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Basic Equine Needs
WRITTEN BY: Cheryl Sutor   [March 17, 2000]


Question:

My horse runs like crazy in his corral and works himself up to a sweat every time I turn him out. There are no other horses on the farm and his corral is about 25x25 ft. I offer lots of hay to calm him down, but he never eats it when he is outside. I can only turn him out when the weather permits, so he goes outside only on good days. How can I train him to calm down when he is outside?



Trainer's Response:

There are several factors that may be instigating your horse's behavior. The first and most important is space. Horses, by nature, need plenty of space to exercise. Over time, the horse has evolved into an animal whos basic survival instinct is to run. Horses need to run to keep themselves healthy. Standing still or standing in limited space for periods of time is not good for a horse's lower legs, or for their mind. They need enough room to be able to gallop several (10 or more) full strides, non-stop. A 25x25 foot corral just isn't nearly enough room for that.

Horses, also by nature, need to be outdoors as much as possible. The ideal situation will allow the horse to choose on his own whether he wishes to be outside or indoors. Many horses given this choice will even stand outside in the rain and snow...they enjoy it and actually prefer being out in bad weather over staying indoors, because it is natural to them. A shelter which will shade the horse from sun, rain and other harsh weather should be available 24 hours a day.

If the horse is a stallion and he is not being used for breeding, I highly recommend gelding him. Gelding a horse will minimize excess hormones and excess engergy. A stallion's goal in life is to reproduce. If you are keeping a stallion and not allowing him to breed, it may result in mental and health problems in the long run. So, if he is not being used to breed, it is in his (and yours) best interest to be gelded.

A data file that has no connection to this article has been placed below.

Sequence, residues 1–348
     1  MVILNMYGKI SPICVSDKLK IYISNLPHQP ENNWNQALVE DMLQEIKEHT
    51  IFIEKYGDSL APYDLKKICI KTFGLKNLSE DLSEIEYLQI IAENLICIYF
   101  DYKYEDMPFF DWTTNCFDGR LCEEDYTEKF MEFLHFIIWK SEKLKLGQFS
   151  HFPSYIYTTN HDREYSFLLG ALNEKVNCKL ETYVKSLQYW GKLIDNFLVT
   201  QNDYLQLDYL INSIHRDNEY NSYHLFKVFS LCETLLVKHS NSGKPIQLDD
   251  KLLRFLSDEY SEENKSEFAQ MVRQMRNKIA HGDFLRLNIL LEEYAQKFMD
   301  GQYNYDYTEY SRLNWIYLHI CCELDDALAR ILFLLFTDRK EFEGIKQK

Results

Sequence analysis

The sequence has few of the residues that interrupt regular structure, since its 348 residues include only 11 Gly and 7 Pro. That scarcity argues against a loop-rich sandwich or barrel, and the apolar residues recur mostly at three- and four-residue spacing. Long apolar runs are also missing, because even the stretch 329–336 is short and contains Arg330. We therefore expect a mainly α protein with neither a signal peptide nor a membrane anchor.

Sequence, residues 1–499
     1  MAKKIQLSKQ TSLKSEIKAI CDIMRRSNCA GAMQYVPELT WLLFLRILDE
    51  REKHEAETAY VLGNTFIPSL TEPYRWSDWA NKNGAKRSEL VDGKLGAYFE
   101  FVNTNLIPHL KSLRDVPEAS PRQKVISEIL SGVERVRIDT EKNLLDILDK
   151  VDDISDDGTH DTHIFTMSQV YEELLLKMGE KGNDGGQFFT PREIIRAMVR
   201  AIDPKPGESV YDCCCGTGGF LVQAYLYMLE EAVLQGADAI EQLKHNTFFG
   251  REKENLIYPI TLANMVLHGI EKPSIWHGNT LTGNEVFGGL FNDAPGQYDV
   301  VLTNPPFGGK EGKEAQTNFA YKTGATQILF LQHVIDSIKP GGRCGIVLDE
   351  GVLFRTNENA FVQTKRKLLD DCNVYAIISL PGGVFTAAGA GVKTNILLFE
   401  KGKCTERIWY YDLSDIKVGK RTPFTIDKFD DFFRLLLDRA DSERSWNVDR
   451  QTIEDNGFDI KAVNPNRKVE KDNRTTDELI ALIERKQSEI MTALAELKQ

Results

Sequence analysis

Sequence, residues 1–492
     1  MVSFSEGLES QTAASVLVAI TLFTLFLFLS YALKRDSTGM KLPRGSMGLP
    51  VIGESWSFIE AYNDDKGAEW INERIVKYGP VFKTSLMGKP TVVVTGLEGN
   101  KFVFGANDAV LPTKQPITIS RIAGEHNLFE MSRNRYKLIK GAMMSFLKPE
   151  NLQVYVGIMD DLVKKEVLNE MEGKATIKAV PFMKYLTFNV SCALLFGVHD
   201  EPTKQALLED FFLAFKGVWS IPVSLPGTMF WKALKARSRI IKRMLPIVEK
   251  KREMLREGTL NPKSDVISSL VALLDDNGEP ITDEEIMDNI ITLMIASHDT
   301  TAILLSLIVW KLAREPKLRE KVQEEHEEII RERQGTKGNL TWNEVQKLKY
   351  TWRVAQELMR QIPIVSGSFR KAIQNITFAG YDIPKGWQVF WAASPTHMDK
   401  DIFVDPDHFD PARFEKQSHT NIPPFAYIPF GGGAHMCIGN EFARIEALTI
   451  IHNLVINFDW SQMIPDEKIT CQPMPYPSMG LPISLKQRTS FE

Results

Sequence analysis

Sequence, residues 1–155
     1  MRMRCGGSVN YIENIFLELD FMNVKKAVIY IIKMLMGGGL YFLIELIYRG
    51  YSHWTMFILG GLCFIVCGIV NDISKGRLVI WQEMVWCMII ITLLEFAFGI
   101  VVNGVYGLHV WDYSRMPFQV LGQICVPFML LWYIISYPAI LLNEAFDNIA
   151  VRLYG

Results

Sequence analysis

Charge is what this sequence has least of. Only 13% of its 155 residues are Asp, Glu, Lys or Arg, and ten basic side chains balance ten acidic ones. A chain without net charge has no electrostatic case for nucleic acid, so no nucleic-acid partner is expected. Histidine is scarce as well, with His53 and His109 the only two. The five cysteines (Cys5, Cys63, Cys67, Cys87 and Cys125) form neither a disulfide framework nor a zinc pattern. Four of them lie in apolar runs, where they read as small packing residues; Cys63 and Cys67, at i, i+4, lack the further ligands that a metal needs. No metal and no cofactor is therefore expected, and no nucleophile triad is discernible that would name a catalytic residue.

Another variable that causes excess energy is feed. Horses that are not worked daily don't have any need to eat grain. There are some exceptions to this rule, for example: older horses who can't hold weight, or health problems that require the use of grain for feeding or for adding supplements. Grain is a high-energy food. If grain is fed, the horse will need extra exercise to burn off that excess energy. Horses, in their natural state, do not eat buckets of grain. They eat roughage (grass/hay and other plants).



It is very important to a horse's mental well being to interact with other horses. Horses are, by nature, herd animals. They strive for a pecking order, it gives them a sense of security and reassurance. If your horse does not have a pasture buddy, I highly recommend getting one (as long as you can offer a large enough area for both of them to run).


Sometimes, other farm animals such as goats or dogs are enough to satisfy a lonely or insecure feeling. When a horse is alone, he will most likely have feelings of insecurity. Horses who feel insecure may act panicky or frantic. He may need a buddy to keep him company.

To demonstrate the need for a horse to be close to other horses, we performed a small test. We placed two horses on opposite sides of the pasture. Each time, upon release, they immediately ran to each other, then settled down.

Another test we performed lasted 1 month. We moved one of our horses to a secluded back-yard barn with about 16 acres. Just before moving him, he weighed approximately 950 lbs. No other animals were supplied for interaction, except for a few barn cats. He had free-choice hay and abundant pasture grass.
During week 1, the horse almost constantly trotted and cantered around the pasture. He ran back and forth along the pond and fence line, frantically calling for other horses.

During week 2, we introduced a dog to this horse's new territory. The horse immediately began to play with the dog, taking turns chasing each other around. After playing, they both layed down in the grass to rest.

During week 3, a horse from an adjoining piece of land was introduced. This new horse's pasture was about 1,000 ft. from our horse's pasture. The two horses could see and hear each other, but could not physically interact. Our horse immediately began to call to this new horse.

The remainder of our horse's stay during weeks 3 and 4 was spent towards the back of the pasture, where he could best hear the whinnys of the responding horse. We ended up paying for damage to the mesh fence and wood top-rail where he had been trying to escape, to get nearer to the new horse. In addition, upon returning to our farm, we checked his weight and it was approximately 100 lbs. less.



It is very important that your horse feels that his basic needs are being met. If he doesn't, bad behaviors are inevitable, not to mention many health risks that may follow. In giving your horse these things, you will be restoring his basic needs as an equine. He will be much healthier and happier, and also safer for everyone involved.



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This article was published on: March 17, 2000. Last updated on: June 27, 2001.